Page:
The Gabelli School of Business welcomed its newest class to Rose Hill on Aug. 30 in an orientation that featured addresses by Donna Rapaccioli, Ph.D., dean of the school; Mario Gabelli, GSB ’65; and Bill Sickles, GSB ’84.
It was the first orientation for Gabelli, the founder, chairman and CEO of GAMCO Investors. The students to whom he spoke will be the first to attend the school that bears his name for all four years.
For Sickles, head for Google’s emerging sector, it was his second orientation, having welcomed the Class of 2014 to campus last year.
In her welcoming remarks, Rapaccioli noted that the students who filled Keating First make up the Gabelli School’s most talented class. Their 1260 average SAT score is higher than any other freshman contingent, and they are the first class with 40 percent of its members drawn from the top 10 percent of their respective high school classes.
Moreover, the latest class is also the first in the school’s history to feature 10 percent of its students from other countries; for the occasion, flags representing their home nations festooned the room.
“Historically, we only had a handful—1 percent in some years, 3 percent in others. But this year we’re delighted to welcome so many international students who will add to our community,” Rapaccioli said.
“You have many, many differences, but there is one thing you all have in common; you know how to make a good choice. You chose Fordham, and you chose the Gabelli School of Business,” she added. “What they say at Google applies to your quest for college: the search is over, and we truly welcome you.”
Gabelli, whose $25 million gift to Fordham last fall resulted in the University naming the school after him, encouraged the students not to be frustrated by the struggling economy. Instead, he urged them think of this as a great time to start a career. At his firm, he noted, they are always looking to hire people who are P-H-Ds—“poor, hungry and driven.”
“One of you will be the mayor of New York at some point,” Gabelli said. “One of you will be the CEO of a public company. Many of you will own your own businesses. One of you is going to come up with a great idea—like single-serve coffee,” he said.
“Everyone in this room is going to find something that they can be very creative at, and just do it. And that’s the fun part.”
In his talk, Sickles reminisced about his time at Fordham, noting that he met many of his best friends while on campus. Getting involved is crucial, he noted, recalling that he played soccer and edited The Paper.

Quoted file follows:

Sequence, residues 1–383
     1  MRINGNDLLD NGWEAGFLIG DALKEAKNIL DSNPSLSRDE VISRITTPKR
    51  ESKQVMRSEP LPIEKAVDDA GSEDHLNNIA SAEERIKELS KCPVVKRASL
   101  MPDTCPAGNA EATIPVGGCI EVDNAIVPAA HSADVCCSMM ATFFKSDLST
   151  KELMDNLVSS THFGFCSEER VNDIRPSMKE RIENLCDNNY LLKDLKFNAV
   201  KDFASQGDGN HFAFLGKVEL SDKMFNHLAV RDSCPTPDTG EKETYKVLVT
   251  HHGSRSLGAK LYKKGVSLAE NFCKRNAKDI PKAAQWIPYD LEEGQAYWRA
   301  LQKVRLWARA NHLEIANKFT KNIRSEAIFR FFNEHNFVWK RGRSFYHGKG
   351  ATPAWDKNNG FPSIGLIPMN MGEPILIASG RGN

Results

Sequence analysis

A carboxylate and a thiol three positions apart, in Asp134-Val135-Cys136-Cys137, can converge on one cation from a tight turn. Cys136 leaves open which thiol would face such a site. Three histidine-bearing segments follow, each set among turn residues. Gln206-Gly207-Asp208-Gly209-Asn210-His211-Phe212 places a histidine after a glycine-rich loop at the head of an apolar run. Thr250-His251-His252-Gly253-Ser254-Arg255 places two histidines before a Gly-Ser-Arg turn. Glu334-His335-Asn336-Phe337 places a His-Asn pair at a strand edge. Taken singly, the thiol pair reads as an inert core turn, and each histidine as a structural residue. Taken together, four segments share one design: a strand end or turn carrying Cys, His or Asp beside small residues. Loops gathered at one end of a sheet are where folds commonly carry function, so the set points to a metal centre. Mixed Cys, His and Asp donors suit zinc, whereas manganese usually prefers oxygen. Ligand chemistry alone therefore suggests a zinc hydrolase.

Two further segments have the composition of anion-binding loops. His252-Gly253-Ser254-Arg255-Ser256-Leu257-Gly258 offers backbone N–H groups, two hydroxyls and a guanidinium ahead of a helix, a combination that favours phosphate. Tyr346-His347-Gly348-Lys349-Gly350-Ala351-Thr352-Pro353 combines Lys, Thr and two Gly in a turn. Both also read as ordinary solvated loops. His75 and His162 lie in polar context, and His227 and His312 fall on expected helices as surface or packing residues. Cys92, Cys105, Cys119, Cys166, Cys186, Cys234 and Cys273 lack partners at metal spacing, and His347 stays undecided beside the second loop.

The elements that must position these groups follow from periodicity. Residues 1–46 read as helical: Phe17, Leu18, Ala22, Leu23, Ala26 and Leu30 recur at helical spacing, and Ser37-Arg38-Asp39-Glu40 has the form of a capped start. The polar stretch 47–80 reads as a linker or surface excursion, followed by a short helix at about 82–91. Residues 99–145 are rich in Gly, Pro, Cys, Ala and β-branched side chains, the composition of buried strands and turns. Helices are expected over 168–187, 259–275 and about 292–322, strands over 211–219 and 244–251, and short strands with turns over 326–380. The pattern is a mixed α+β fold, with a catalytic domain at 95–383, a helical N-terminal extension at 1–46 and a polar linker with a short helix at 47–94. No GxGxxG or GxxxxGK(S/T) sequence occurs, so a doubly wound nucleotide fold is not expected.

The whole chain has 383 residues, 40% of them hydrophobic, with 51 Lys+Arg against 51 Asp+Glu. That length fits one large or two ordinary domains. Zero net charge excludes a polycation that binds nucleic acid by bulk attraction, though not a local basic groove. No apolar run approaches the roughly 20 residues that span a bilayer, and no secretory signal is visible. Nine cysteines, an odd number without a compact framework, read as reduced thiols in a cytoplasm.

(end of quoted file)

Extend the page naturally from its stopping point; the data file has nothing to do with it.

“It sounds like fun, right? But when I went to interview, I could talk passionately about the work I did while I was at school,” Sickles said. “That was one element of how I developed my brand and the things that I felt I could bring to a company.”
Sickles also encouraged students to look for moments of truth experienced on campus that can point the way to future success.
“For you, it’s going to be a career-decision experience,” he said. “It could be your professors. It could be your fellow students. It could be when people come to campus and speak. It could be talking to graduates who have been working for a few years,” he said.
“That feedback gives you input on what you want to do. Make the effort over the next could of years to investigate and explore internships. Find out what you like; find out what you don’t like.”
Sickles sat down for a wide-ranging question-and-answer session with Frank Werner, Ph.D., associate professor of finance and economics; and Falguni Sen, Ph.D., director of the Global Healthcare Innovation Management Center and area chair of management systems.
He addressed the difficulties of holding on to the culture of a “scrappy startup” when his company has grown exponentially over the last five years, and acknowledged Google’s recent announcement that it will acquire cell phone manufacturer Motorola Mobility.
Students also peppered Sickles with questions about Google+, the company’s new social networking platform.
And what, Werner asked, did Sickles look for when hiring recent college graduates?
“It is hard to point to one thing, but overall I prefer someone who has a strong sense of his or her own direction that has been built up and learned over time,” he said.
“I am just as happy if somebody explains to me what they’ve done and tells me, ‘Yeah, I went to work for this financial company and I hated it. And I hated it for these reasons. And because of that, I went looking for something else.’”